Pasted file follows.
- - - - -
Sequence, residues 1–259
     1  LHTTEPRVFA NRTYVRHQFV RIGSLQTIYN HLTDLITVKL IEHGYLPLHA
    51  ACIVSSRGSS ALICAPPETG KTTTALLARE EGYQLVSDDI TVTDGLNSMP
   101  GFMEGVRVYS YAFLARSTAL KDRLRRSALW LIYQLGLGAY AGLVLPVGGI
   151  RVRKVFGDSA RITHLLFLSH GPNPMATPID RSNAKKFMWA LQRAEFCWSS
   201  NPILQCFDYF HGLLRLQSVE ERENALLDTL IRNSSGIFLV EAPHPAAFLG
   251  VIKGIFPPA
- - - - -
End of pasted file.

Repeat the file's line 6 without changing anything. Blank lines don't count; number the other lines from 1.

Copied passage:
   201  NPILQCFDYF HGLLRLQSVE ERENALLDTL IRNSSGIFLV EAPHPAAFLG